Remember “Squid Game”? Well now the hit show is back ... sort of.
“Squid Game: The Challenge” is currently the most popular show on Netflix, according to the streaming service’s public ranking system. The new reality competition series is based on the South Korean dystopian drama.
Like its fictional inspiration, “Squid Game: The Challenge” pits 456 contestants against each other to compete in a series of games for a large cash prize. In fact, the $4.56 million winnings marks the largest single cash prize in TV history.
Read on for more trending shows of the moment across streaming services including Max, Apple TV+, Hulu and Paramount+. And if you want to stay informed about all things streaming, subscribe to the Streamline newsletter.
According to Max’s rankings, “Love Has Won: The Cult of Mother God” is the second most popular show on the platform.
This three-part docuseries explores the life and death of Amy Carlson, founder of the Love Has Won spiritual movement. Described as a cult by former members, the group combined elements of conspiracy theories like QAnon, New Age spirituality and traditional religions, with Carlson going by “Mother God.”
The black comedy crime drama “Fargo” is trending on Hulu following the premiere of the fifth season on Nov. 21.
Inspired by the 1996 Coen brothers film, the anthology series consists of disparate seasons set in different time periods and locations with mostly new characters. The newest installment stars Juno Temple, Jennifer Jason Leigh, David Rysdahl and Joe Keery.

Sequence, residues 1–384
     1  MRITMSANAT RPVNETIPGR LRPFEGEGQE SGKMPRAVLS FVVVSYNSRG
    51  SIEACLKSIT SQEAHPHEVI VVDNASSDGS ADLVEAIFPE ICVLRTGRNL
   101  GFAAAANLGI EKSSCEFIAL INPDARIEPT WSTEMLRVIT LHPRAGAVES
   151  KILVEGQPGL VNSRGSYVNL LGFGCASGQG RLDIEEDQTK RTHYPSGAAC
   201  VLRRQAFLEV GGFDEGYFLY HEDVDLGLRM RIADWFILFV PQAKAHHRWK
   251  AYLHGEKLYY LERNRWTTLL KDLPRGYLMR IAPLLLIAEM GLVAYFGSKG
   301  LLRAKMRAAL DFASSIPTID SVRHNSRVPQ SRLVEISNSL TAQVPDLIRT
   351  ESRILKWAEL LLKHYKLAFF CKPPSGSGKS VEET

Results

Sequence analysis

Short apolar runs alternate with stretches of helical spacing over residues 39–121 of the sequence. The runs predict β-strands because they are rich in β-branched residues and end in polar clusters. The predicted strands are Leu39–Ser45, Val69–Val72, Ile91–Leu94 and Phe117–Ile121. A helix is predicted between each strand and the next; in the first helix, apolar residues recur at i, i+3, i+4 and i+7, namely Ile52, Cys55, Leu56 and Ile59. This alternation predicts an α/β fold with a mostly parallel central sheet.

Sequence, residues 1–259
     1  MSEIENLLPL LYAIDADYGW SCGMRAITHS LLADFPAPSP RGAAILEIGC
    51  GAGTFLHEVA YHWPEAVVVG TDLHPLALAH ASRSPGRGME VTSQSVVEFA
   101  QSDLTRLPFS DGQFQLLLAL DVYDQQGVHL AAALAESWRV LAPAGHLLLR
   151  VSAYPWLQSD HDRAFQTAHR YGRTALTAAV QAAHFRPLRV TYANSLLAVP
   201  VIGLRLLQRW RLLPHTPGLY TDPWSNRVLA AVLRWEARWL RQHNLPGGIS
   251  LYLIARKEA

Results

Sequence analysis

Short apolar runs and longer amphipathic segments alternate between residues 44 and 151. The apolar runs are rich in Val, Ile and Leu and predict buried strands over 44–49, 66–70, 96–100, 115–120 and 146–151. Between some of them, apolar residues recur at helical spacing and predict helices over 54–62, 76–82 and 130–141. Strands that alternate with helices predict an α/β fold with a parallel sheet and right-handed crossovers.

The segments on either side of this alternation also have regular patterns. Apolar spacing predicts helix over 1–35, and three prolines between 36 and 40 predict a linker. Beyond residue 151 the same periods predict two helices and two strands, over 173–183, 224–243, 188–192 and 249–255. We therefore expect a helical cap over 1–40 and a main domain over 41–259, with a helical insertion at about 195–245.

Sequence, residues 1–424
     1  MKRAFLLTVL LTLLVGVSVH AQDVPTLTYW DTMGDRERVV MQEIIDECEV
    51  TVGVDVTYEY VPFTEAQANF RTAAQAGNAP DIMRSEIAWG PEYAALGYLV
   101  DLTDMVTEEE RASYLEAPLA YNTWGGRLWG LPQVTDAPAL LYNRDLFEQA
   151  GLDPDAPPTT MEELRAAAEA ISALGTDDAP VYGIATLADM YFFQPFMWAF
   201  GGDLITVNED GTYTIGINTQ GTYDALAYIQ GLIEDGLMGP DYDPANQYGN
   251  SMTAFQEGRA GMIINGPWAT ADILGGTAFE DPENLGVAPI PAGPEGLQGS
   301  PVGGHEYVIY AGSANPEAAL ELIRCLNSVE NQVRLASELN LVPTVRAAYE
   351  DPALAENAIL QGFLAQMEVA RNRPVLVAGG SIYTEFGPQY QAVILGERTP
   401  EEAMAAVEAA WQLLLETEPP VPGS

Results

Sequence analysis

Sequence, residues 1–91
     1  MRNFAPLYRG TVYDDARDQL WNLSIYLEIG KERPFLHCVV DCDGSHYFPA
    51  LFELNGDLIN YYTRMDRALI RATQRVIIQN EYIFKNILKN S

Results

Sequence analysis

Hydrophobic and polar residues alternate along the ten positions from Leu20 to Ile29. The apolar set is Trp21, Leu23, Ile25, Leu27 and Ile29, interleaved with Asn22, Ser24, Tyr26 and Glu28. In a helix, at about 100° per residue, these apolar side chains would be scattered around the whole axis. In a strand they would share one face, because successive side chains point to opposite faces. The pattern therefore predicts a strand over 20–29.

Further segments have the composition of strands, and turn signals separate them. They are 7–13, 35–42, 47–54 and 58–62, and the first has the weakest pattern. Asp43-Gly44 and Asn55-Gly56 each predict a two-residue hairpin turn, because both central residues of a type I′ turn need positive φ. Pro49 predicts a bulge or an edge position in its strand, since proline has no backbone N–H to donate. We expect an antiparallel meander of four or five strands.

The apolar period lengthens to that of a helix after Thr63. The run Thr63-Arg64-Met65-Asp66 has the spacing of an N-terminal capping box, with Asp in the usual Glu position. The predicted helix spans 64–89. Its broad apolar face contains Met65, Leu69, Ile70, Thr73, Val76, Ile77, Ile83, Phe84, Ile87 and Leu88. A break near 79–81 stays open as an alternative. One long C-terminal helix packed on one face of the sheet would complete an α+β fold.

“Slow Horses” is rising up the charts on Apple TV+ in advance of the third season premiere on Nov. 29.
Based on British novelist Mick Herron’s “Slough House” books, the spy thriller follows a group of M15 agents who work in the shabby department where intelligence officers are assigned after making costly mistakes. Gary Oldman, Jack Lowden and Kristin Scott Thomas star.
The Western “Lawmen: Bass Reeves” debuted on Paramount+ on Nov. 5, with the fifth and final episode released on Nov. 26.
David Oyelowo stars in the titular role ― the real-life formerly enslaved person who became one of the first Black deputy U.S. Marshalls and the first west of the Mississippi River. Dennis Quaid and Donald Sutherland also appear on the show.
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